Taliban seek support of China for expanding footprint in Afghanistan

Published on Jul 28, 2021 02:32 PM IST

A nine-member delegation led by Taliban leader Mullah Baradar Akhund met Chinese Foreign Minister and State Councilor Wang Yi on Tuesday. The Taliban leader assured Beijing that they will not allow Afghanistan to be used against security of any country.

Taliban leader Mullah Baradar Akhund with Chinese foreign minister Wang Yi.
Taliban leader Mullah Baradar Akhund with Chinese foreign minister Wang Yi.
By, Hindustan Times, New Delhi

With frontline Taliban leader Mullah Baradar Akhund meeting Chinese foreign minister Wang Yi on July 27, the conservative Sunni Islamist group is seeking support of Beijing to expand its footprint in Afghanistan after assuring the middle-kingdom that Afghanistan under Taliban will not allow its territory to be used by terrorists to target any third country. The assurance was given by Mullah Barader as Beijing is worried that Uighur extremist movement may get shelter in Emirate of Afghanistan through the Wakhan corridor.

Mullah Baradar travelled to China for two days as the head of a high-ranking delegation of nine people and held separate meetings with Wang, China's deputy foreign minister and Chinese special representative for Afghanistan, the Taliban said in a statement.

"The meetings focused on political, economic and security issues related to the two countries, the current situation in Afghanistan and the peace process," the statement added.

By reassuring Beijing that it will not allow the Afghan territory to be used against any third country, the Taliban are trying to allay global fears that Pakistan-based terror groups and pan-Islamic groups like Al Qaeda will not use the civilian strife in Afghanistan to establish terror training camps for targeting countries opposed to radical Islam. During its first term in power between 1996-2001, the Taliban gave shelter to majority of pan-Islamic terrorist groups like Al Qaeda, Harkat-ul-Ansar, HuJI Bangladesh, held training camps for Pakistan-based groups like Lashkar-e-Taiba and virtually sponsored global jihad around the world.

The Taliban delegation also thanked China for its continued cooperation with the people of Afghanistan, especially its continued cooperation in the fight against the coronavirus disease (Covid-19).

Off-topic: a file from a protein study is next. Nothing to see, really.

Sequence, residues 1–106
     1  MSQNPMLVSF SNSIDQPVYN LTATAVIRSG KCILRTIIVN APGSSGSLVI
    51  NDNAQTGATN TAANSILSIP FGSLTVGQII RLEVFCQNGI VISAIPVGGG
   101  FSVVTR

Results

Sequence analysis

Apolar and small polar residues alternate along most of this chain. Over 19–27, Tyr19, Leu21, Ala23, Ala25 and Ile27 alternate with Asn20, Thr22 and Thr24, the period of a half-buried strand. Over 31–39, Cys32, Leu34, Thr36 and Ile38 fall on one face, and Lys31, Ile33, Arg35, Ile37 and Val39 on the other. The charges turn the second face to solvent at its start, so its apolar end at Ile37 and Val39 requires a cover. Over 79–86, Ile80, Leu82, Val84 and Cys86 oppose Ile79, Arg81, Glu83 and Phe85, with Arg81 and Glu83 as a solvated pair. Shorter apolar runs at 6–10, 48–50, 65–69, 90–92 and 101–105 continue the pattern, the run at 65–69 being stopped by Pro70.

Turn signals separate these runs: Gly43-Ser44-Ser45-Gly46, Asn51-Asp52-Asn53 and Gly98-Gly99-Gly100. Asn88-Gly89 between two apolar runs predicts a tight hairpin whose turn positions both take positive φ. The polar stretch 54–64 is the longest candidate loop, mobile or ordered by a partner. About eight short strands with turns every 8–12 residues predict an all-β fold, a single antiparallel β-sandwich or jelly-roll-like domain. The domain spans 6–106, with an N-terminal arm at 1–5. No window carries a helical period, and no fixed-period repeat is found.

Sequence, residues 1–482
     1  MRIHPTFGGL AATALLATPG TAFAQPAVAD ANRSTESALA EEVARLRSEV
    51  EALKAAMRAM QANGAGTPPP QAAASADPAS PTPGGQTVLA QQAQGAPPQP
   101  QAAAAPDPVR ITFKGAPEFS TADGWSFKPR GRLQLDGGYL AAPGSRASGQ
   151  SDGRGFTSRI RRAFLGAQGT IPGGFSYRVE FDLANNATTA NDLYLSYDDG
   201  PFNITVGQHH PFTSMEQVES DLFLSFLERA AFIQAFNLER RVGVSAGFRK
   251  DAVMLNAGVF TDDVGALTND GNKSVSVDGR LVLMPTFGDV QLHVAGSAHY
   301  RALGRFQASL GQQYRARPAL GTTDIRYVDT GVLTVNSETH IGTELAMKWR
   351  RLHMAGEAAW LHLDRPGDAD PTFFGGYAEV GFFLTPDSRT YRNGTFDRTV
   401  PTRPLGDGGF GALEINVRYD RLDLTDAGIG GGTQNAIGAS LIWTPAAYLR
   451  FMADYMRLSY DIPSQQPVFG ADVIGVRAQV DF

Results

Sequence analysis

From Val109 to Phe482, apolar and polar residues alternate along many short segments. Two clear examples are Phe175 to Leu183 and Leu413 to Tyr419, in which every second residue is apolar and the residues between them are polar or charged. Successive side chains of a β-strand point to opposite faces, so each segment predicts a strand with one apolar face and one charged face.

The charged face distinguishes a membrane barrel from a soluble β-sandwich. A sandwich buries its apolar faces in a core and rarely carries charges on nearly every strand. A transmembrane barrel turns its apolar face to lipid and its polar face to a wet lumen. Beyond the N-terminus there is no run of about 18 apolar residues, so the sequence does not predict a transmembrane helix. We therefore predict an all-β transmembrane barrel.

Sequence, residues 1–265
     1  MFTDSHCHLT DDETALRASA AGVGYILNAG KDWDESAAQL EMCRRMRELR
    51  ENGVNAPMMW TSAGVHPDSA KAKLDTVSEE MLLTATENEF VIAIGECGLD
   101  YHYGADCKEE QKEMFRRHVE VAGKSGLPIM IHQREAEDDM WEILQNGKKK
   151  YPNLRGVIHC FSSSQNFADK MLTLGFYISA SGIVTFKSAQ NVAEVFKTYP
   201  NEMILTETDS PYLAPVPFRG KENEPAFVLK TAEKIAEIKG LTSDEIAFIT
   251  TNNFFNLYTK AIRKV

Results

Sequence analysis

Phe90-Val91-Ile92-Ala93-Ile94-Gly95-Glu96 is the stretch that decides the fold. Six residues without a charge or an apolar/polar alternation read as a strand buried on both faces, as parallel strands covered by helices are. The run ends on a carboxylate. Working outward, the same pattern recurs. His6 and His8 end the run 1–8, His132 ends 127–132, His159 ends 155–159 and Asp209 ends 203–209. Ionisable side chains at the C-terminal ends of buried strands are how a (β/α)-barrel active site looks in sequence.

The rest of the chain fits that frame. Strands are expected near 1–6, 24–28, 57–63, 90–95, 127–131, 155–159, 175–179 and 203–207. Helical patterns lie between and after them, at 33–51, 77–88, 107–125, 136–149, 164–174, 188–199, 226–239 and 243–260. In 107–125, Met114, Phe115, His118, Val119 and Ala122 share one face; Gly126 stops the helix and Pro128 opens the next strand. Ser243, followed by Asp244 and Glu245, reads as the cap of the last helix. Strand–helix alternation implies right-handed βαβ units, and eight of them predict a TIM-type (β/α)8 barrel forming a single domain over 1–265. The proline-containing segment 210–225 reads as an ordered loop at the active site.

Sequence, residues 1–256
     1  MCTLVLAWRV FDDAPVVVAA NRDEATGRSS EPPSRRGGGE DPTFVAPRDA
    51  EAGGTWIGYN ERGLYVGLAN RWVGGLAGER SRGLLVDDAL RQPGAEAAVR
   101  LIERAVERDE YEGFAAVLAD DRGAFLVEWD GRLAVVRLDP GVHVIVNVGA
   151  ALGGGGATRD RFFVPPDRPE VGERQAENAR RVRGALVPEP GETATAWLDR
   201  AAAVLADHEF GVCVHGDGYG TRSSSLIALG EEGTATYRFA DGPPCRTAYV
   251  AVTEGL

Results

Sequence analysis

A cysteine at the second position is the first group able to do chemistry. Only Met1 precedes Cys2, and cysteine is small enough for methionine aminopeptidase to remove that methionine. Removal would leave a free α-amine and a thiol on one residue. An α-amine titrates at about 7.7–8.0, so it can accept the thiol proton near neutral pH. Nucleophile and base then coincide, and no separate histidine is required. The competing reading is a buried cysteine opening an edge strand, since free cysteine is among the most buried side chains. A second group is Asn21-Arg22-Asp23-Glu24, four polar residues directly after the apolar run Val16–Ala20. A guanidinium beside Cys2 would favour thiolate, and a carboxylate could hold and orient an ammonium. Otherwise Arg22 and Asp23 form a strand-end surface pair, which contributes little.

According to Afghanistan watchers, the Taliban, with support of their handlers Pakistan, are seeking assurance from China to help them establish an emirate in Afghanistan lest US has second thoughts on the Sunni group after reports of large numbers of civilian casualties.

The US has already declared that it will leave Afghanistan on August 31. "While Pakistan is trying to leverage its influence on Taliban to get close to revive its ties with the US, the Sunni Islamist group is piggybacking on Islamabad to strengthen its ties with China. The Chinese, on their part, are looking towards expanding the Belt and Road initiative into Afghanistan and thereon to Central Asia for taking a grip on bilateral trade with Afghanistan and exploiting resources like coal, copper and iron ore in that country," said diplomats based in US and India.

China wants to use Afghanistan as a route to Central Asian republics of Tajikistan, Turkmenistan, Uzbekistan and Kazakhstan.

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    Author of Indian Mujahideen: The Enemy Within (2011, Hachette) and Himalayan Face-off: Chinese Assertion and Indian Riposte (2014, Hachette). Awarded K Subrahmanyam Prize for Strategic Studies in 2015 by Manohar Parrikar Institute for Defence Studies and Analyses (MP-IDSA) and the 2011 Ben Gurion Prize by Israel.

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